“At the heart of our company, there has always been a
spirit of togetherness that inspires our creativity, our confidence and most importantly our support for one
another,”Lauren saidwhen announcing the multimillion-dollar commitment.“In the past weeks and months, that spirit has never wavered.
We believe that no matter who you are or where you are from, we are all connected. That is why we are taking
significant action to help our teams and communities through this crisis.”
One million of Lauren’s dollars will be used to seed A Common Thread, a fund set up by the Council of Fashion
Designers of America (CFDA) andVogueto
assist American fashion labels at risk of folding during the crisis. Sums of between $25,000and$75,000 will be granted to struggling designers in an
attempt to help keep them afloat.
“We’re not naïve about
this,”Vogue’s Anna Wintour toldThe New York Times.“We know we
can’t help everybody. And maybe some of the
people we do help won’t make it. But we wanted
to show there is a support system in fashion. That there is a future.”Tom Ford, theCFDA chairman,is donating 10per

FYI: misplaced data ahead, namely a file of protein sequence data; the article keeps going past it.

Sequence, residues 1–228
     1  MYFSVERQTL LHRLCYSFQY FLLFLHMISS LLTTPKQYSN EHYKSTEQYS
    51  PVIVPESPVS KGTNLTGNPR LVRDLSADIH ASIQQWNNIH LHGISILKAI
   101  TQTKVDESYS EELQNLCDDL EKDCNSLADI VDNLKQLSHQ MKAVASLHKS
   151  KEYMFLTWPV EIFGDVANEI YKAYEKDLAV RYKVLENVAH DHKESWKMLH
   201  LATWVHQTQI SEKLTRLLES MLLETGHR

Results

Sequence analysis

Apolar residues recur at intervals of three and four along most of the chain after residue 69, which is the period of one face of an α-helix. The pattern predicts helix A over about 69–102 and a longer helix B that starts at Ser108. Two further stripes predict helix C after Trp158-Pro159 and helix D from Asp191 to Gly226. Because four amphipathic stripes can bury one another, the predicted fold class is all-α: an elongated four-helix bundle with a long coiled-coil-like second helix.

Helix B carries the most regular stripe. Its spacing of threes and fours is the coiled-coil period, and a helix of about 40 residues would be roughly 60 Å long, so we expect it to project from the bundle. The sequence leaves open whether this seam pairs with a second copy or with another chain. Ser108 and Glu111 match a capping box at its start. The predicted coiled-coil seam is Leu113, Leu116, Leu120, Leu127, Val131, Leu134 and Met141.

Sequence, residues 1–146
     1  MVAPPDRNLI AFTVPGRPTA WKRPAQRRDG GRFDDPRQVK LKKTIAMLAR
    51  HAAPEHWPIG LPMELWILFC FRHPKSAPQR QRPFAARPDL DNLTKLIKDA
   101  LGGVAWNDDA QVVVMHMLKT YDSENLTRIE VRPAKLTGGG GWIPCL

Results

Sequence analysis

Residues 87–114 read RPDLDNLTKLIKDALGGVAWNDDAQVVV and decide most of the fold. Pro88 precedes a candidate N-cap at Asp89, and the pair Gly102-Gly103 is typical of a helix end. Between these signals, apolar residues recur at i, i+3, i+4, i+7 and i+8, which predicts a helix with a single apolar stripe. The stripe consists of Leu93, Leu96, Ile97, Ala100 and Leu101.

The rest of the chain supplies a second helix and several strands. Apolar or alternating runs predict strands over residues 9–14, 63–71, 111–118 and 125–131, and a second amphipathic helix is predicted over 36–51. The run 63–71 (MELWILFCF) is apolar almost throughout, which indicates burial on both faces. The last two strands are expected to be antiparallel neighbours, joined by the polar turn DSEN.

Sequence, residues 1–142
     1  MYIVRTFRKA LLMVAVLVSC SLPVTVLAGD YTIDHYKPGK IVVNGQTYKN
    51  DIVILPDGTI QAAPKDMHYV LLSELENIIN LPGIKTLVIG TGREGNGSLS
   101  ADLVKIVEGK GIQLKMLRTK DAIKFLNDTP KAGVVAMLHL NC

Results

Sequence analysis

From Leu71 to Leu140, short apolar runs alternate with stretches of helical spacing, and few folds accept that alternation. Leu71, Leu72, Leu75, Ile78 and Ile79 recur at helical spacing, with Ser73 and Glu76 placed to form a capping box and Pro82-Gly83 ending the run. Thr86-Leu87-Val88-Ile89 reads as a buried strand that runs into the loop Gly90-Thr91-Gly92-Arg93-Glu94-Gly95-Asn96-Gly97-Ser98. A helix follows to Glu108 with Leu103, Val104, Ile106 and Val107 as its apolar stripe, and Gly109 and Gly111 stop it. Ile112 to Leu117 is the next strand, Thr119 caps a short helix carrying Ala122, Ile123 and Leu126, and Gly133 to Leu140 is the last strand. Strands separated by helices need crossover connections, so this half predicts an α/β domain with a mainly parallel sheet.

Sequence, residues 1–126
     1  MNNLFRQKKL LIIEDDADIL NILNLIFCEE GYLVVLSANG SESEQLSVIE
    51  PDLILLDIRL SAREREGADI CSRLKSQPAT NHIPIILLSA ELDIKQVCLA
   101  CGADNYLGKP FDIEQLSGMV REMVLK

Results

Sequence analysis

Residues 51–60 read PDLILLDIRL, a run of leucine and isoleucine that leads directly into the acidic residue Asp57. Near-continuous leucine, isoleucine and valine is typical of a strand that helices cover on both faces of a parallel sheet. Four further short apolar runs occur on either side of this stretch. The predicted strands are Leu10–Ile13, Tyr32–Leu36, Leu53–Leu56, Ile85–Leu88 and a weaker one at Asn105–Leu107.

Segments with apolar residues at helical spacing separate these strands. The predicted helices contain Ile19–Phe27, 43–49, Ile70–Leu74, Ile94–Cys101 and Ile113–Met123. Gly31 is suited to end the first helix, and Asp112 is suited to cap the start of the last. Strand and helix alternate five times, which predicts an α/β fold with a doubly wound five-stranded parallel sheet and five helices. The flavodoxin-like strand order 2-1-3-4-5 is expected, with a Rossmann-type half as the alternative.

centofall his brand’s online sales to the cause.
TheAmerican‘Ivy Style’outfittersBrooks Brothers
haveconvertedtheirfactories in New York, North Carolina and Massachusetts
from sewing shirts, ties and suits to producing gowns and masks—150,000 of the latter each day. New-school preppy style-mongers Rowing Blazers, meanwhile, are
making sustainable masks from offcuts of their distinctive jackets and rugby jerseys. One mask is being donated to
Food Bank (which distributes meals to the vulnerable) for every piece sold, and 10per centof all the company’s sales during this time are being donated totheanti-poverty non-profitorganisationDirect Relief.